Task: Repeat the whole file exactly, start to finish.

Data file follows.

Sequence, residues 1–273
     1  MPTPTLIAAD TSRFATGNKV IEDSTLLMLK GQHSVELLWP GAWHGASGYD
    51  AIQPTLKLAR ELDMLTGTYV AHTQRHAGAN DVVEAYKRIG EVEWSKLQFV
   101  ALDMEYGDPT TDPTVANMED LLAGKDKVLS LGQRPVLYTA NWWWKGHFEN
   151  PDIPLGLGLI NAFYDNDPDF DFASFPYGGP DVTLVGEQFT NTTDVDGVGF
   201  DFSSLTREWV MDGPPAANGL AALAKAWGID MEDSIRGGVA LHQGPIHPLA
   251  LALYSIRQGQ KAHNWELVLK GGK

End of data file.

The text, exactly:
Sequence, residues 1–273
     1  MPTPTLIAAD TSRFATGNKV IEDSTLLMLK GQHSVELLWP GAWHGASGYD
    51  AIQPTLKLAR ELDMLTGTYV AHTQRHAGAN DVVEAYKRIG EVEWSKLQFV
   101  ALDMEYGDPT TDPTVANMED LLAGKDKVLS LGQRPVLYTA NWWWKGHFEN
   151  PDIPLGLGLI NAFYDNDPDF DFASFPYGGP DVTLVGEQFT NTTDVDGVGF
   201  DFSSLTREWV MDGPPAANGL AALAKAWGID MEDSIRGGVA LHQGPIHPLA
   251  LALYSIRQGQ KAHNWELVLK GGK